The great thing (there’s only one) about David Brooks is that he seems to lend credence to the joke that the New York Times chooses conservative columnists that make the Right look insane and/or stupid. And (I’m looking at you, Ben) don’t try to tell me David Brooks is a centrist, because that just goes to show how skewed the spectrum of political discourse is in this country. Granted, Brooks is no Ross Douthat, whose name alternately makes me think “douche hat” and “doubt that,” but he’s decidedly in the conservative camp. Case in point: “The Sandra Bullock Trade.” Now, I’ll admit that I can usually at least find most of a David Brooks column to be the product of a reasonable human mind, and it’s not until the very end that he draws some in(s)ane conclusion. This one, however, is straight up crazy from stem to stern. He starts right out by implying that professional and marital success are mutually exclusive–at least if you’re a woman. Ladies, did you not get the memo that you can either be a happy homemaker or a frigid bitch executive (although middle manager is more likely given that pesky glass ceiling)? You see, this is the “deal” that Sandra Bullock made–she chose an Oscar over marital fidelity on the part of her husband… or something like that. Brooks’ opening gambit requires a Wonderland-scale suspension of logic to even approach making sense.
But in any case, Brooks spends the rest of the column detailing some recent research on the correlation of happiness (however defined) to both income level and personal relationships. Okay, sure, I’ll buy it. But–and maybe I’m just speaking as a starving graduate student here–since when is income the sole measure of professional success? Plenty of people go into professions (gee, like academia) precisely because they derive personal satisfaction from such work. Does that mean personal relationships don’t matter? Of course not. But along a similar line, even the research Brooks cites looks at a range of interpersonal connections that go way beyond marriage, including group activities and having dinner with friends.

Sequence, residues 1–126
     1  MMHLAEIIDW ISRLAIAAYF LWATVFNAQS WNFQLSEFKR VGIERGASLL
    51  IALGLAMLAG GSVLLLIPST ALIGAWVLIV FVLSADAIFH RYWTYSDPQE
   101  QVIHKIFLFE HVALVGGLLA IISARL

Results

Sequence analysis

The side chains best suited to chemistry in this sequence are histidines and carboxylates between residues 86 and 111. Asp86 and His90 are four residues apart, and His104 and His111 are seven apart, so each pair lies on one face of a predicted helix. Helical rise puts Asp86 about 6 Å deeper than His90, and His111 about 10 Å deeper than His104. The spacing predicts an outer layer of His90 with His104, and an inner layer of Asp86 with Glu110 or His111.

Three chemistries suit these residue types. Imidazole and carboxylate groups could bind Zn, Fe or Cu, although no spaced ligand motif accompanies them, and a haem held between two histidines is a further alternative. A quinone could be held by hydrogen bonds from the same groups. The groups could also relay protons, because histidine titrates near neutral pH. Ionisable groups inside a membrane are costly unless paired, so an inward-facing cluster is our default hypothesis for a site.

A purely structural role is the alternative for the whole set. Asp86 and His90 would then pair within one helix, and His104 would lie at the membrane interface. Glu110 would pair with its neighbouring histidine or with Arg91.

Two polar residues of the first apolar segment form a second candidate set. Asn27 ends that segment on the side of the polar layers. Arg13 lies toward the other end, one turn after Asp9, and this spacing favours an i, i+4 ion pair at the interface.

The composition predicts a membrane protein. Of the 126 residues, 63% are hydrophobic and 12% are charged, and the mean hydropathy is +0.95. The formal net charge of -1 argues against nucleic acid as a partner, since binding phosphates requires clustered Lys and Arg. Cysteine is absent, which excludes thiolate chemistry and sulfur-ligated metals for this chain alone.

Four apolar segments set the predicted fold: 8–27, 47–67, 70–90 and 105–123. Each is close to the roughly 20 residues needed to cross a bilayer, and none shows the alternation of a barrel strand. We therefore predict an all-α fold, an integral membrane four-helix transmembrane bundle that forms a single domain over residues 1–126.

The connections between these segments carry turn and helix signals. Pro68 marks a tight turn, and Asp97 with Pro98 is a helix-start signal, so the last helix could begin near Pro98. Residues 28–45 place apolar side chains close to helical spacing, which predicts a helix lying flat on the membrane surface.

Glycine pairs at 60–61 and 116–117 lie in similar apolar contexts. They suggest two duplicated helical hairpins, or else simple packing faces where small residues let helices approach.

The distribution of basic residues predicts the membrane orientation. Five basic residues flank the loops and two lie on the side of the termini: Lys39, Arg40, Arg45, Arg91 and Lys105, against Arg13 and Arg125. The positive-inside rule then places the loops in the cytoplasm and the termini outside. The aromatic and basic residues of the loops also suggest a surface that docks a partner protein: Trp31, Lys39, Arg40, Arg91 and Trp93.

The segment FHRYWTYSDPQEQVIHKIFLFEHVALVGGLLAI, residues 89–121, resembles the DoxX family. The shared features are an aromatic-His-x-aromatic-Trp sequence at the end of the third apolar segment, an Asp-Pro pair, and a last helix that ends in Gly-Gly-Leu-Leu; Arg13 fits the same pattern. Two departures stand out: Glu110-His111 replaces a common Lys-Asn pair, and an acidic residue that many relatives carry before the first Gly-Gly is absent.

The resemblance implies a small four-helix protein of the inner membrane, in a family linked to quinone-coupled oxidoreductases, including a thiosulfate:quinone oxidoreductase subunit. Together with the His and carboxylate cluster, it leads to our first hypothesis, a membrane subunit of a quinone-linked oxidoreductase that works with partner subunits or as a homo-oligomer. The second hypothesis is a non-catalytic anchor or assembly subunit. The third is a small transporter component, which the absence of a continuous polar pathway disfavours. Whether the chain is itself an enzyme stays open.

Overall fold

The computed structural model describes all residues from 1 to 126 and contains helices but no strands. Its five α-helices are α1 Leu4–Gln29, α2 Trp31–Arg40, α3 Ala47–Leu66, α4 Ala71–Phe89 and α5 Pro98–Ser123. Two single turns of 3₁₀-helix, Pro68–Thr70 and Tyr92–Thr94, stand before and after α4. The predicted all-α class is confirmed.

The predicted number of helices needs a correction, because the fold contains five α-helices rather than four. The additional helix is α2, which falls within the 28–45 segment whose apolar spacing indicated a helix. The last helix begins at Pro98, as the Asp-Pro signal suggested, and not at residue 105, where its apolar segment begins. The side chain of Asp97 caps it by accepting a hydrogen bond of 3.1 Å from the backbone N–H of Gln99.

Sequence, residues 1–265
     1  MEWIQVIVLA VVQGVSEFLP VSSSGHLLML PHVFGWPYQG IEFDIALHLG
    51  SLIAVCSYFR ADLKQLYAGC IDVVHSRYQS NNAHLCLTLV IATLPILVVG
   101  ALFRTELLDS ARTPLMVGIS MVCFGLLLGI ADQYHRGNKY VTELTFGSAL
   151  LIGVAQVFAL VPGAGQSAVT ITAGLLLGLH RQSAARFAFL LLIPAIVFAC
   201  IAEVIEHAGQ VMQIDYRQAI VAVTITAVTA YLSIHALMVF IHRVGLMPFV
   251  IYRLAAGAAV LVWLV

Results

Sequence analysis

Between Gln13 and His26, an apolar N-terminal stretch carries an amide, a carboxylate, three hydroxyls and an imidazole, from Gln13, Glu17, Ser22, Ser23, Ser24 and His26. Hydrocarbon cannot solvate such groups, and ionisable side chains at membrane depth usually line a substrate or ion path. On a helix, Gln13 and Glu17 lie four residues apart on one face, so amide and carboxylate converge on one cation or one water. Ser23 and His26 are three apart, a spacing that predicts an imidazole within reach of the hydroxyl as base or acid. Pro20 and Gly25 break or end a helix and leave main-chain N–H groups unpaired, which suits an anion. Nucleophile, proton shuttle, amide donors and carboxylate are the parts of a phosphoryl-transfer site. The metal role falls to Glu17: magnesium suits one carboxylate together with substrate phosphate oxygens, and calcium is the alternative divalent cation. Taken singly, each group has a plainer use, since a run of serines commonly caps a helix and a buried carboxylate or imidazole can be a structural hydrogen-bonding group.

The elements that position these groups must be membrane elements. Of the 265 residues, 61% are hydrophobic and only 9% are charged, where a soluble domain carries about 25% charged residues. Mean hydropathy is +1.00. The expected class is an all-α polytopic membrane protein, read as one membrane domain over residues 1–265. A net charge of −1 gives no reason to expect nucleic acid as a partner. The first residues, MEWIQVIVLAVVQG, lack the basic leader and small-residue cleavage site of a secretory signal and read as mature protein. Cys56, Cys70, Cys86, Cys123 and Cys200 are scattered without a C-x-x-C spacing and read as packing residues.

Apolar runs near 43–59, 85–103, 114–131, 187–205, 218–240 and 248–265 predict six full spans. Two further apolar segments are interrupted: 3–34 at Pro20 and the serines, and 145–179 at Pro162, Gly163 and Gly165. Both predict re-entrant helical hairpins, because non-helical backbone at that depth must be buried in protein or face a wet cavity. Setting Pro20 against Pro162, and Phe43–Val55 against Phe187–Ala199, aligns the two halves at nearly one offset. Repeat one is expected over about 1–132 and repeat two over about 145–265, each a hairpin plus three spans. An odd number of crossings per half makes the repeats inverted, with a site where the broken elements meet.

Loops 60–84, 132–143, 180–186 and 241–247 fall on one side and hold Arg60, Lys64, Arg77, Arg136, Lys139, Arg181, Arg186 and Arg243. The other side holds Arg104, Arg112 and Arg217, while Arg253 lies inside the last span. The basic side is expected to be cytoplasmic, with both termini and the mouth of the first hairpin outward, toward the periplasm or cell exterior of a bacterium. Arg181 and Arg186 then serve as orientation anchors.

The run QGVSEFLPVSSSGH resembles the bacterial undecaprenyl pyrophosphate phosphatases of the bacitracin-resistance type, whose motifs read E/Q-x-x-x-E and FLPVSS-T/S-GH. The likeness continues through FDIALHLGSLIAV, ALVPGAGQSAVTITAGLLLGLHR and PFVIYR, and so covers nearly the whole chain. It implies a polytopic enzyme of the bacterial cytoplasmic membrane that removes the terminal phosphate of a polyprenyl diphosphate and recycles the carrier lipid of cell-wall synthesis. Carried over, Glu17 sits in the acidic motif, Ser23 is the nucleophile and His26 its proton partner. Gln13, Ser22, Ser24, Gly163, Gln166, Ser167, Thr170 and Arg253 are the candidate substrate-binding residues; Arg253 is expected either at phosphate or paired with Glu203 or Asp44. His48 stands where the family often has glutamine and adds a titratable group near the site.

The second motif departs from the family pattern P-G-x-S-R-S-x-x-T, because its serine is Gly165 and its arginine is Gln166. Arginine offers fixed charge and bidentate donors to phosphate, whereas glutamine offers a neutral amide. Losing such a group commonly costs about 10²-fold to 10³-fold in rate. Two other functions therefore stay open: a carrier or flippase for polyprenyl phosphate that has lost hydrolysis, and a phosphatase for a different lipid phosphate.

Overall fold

The point that Brooks ends with is that governments should focus less on generating prosperity and more on making their constituents happier. This is an interesting point to make given Brooks’ earlier point that growing inequality hasn’t led to greater unhappiness. What if, for example, the state focused less on improving the material conditions of its richest citizens and directed tax revenue back into urban districts? It makes you wonder just whose happiness these sociologists are measuring.
Speaking of the social sciences, Brooks uses it in extremely uncritical fashion here: “If the relationship between money and well-being is complicated, the correspondence between personal relationships and happiness is not.” Actually, I think the correlation between personal relationships and satisfaction is worth some consideration. Could it be that our culture (of which his column is a part) places such a high premium on marriage that other forms of interpersonal connection seem unsatisfying by comparison? Of course not–this is “the age of research”! The facts speak for themselves, or at least they seem to naturalize constructed social realities, and they give dudes like Brooks the appearance of empirical imprimatur when they dispense conservative canards, like the one that says a woman can either choose work or home, but never both.